Federal Court Justice Ann Marie McDonald issued the ruling on Tuesday, siding with federal government lawyers who had argued that Fortin’s application for a judicial review of his removal from the role should be struck down, and the military’s grievance process used by him instead.
“It is clear that the issues raised in the application are service-related matters and the allegations of political interference are not ‘exceptional circumstances’ that would allow MGen Fortin to bypass the grievance process and seek a preliminary remedy in this Court,” McDonald ruled.
“Accordingly, as MGen Fortin has not yet availed himself of the CAF grievance process on these issues, the Court will not consider the merits of his application as it has been brought prematurely.”
Fortin’s legal team and government lawyers argued for two days in September about the case, which lays out allegations that Fortin was removed from his high-profile post at the Public Health Agency of Canada in May because of what his lawyers call “political interference.”
Fortin’s lawyers allege he was denied the right to due process, the presumption of innocence, and privacy, and have demanded he be reinstated as head of the vaccine rollout, or put in a similar post.
Government lawyers in turn asked McDonald to throw out Fortin’s lawsuit.
They maintained that acting defence chief Gen. Wayne Eyre made the decision to remove Fortin in the interests of the vaccine rollout effort and a police investigation into Fortin’s conduct.
And they said that if he wasn’t happy with the move, he should have taken it up with the military.
McDonald noted in her ruling that while any findings through the grievance process are not binding on the chief of the defence staff — meaning Eyre would not be forced to reinstate Fortin as a result of any potential findings — any decision Eyre might make after that process plays out is what would be eligible for review in the Federal Court.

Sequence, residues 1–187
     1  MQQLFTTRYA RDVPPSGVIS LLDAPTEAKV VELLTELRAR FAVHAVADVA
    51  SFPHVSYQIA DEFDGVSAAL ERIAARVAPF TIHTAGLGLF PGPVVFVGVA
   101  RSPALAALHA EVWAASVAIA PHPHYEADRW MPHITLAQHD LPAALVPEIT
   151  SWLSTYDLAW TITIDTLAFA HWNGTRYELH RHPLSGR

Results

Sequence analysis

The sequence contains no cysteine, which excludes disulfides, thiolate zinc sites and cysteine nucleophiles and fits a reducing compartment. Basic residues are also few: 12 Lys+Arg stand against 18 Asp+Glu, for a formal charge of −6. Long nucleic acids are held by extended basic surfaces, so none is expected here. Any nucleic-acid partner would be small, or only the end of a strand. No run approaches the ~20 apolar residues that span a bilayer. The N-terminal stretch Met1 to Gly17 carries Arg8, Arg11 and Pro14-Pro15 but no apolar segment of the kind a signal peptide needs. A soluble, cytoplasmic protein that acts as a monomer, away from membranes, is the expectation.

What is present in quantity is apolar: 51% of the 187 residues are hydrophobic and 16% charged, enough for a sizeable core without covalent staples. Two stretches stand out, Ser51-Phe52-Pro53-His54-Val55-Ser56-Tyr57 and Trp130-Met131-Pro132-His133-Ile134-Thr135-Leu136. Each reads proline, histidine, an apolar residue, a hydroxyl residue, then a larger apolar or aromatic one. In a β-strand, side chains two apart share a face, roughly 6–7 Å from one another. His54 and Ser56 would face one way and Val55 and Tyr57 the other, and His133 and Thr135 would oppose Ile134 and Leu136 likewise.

One of Fortin’s lawyers, Natalia Rodriguez with Conway Litigation, said both Fortin and his legal team are “disappointed” in the decision but did not say what they plan to do next.
“He remains steadfast in his position. This decision has not deterred him in that respect,” she said of Fortin’s view that he was not given procedural fairness in his removal from the role.
“There are different considerations here and so we have yet to see what we will do about it. But I would say, stay tuned. I don’t know that this is the end of the road for Maj.-Gen. Fortin. I could be wrong, but it seems to me that this story has not been fully written yet, and there is more to come.”
In November 2020, Fortin was seconded from the Canadian Forces to the Public Health Agency of Canada to take on the role as head of Canada’s COVID-19 vaccine rollout.
The posting was expected to last one year.
Throughout the role, Fortin oversaw the logistics of rolling out millions of COVID-19 vaccines to the provinces and territories as the country grappled with a second and third wave of the pandemic.
Meanwhile, he remained a serving member of the Canadian Forces.
But starting in February 2021, the military was confronted by what experts have described as an institutional “crisis” of multiple allegations of sexual misconduct against senior leaders following exclusive reporting by Global News.
The allegations sparked a national reckoning over long-standing sexual misconduct within the Canadian Forces and a culture of looking the other way that experts say has allowed it to flourish.
The Federal Court decision is separate from the battle that Fortin is fighting in criminal court after Quebec police charged him last month with one count of sexual assault in relation to an alleged incident dating back to 1988 that was initially investigated by military police.
That case is due back in a Quebec court on Nov. 5.
With files from The Canadian Press.